Monday, 27 July 2009

Sliding-Page Effect - Navigation in Flash

The other thing that got me interested in was the way the navigation works. The wonder of Flash is that you don't load a new "page" when you click a "link" (or button). In fact anything can happen - make a noise, play a video, basically anything you can imagine and code. This means we are not constrained to the traditional ideas of navigation transitions from "page" to "page".

Fuel Fugitives utilises a nice idea I have seen a few times. Instead of simply changing to another "page" or screen, you slide gracefully from one place to another, as though all the "pages" are actually on the same sheet, you just change which part of the sheet you are looking at.

Well, unable to resist the challenge I decided to work out a way of getting the same effect myself, using Flash and AS2.

Let's get started

1. Create a new Actionscript 2 document and set the frame rate to 30fps.

2. Create an object on the stage, hit F8 and convert it into a MovieClip, with the registration set to the middle.

3. Create 3 more instances of the MovieClip (for a total of 4), space them out, and give them the instance names object1_mc, object2_mc, object3_mc, and object4_mc.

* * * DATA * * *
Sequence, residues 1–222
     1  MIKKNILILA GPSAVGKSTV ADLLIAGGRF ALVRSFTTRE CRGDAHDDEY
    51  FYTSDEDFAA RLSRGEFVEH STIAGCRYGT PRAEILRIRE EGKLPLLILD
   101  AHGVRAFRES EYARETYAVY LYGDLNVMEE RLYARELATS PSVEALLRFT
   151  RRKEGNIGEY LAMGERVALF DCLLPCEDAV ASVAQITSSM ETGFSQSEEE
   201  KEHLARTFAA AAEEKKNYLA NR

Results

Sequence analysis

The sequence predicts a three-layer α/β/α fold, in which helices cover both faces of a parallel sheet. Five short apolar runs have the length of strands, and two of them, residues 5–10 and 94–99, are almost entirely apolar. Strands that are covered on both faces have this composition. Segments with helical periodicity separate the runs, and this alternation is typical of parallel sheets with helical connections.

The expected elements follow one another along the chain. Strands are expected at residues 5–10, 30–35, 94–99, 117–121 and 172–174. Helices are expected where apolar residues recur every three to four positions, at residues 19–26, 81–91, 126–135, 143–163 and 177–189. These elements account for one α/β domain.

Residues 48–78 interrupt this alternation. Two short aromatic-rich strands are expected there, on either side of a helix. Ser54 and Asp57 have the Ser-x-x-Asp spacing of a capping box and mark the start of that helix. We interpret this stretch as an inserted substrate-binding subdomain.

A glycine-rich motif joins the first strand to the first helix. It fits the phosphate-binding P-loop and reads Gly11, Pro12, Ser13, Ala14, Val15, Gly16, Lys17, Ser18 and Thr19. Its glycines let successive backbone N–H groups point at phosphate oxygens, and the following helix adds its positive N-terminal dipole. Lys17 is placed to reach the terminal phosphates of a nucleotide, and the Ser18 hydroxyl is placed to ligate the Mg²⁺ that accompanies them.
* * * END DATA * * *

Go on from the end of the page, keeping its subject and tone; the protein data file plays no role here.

4. Select (using SHIFT) all of the instances of the MovieClip on the stage, then hit F8 and convert the group into a MovieClip with the registration set to the top left. This new MovieClip should contain all the other clips on the stage. Give this new MovieClip the instance name objholder_mc.

Once that's done it's time for the Actionscript.

The Actionscript

/* First we set a variable called currobj. This will store the name (or in this case number) of the movieclip we want centred on the stage. We will use it later to centre that movieclip if it is not already centred. */

var currobj = 1;

/* Now we need some easing to give the slide animation a bit of style */
var easing = 6;

/* Then we set variables to define the centrepoint we want to centre movieclips to. */

var hmiddle = Stage.width/2;
var vmiddle = Stage.height/2;

/* Then we create the function that moves the current movieclip (defined by currobj) to the centre (defined by hmiddle and vmiddle). */

onEnterFrame = function () {

/* Finding the difference between the object holder x and y and the centre x and y */
objh_v = _root.objholder_mc._y;
objh_h = _root.objholder_mc._x;
vdiff = vmiddle-objh_v;
hdiff = hmiddle-objh_h;

/* Finding the object x and y within object holder. By using the ["object"+currobj+"_mc"] the code works for every object, all we need to do is update the value of the currobj variable. This means that we can keep our code small and reusable. */

obj_h = _root.objholder_mc["object"+currobj+"_mc"]._x;
obj_v = _root.objholder_mc["object"+currobj+"_mc"]._y;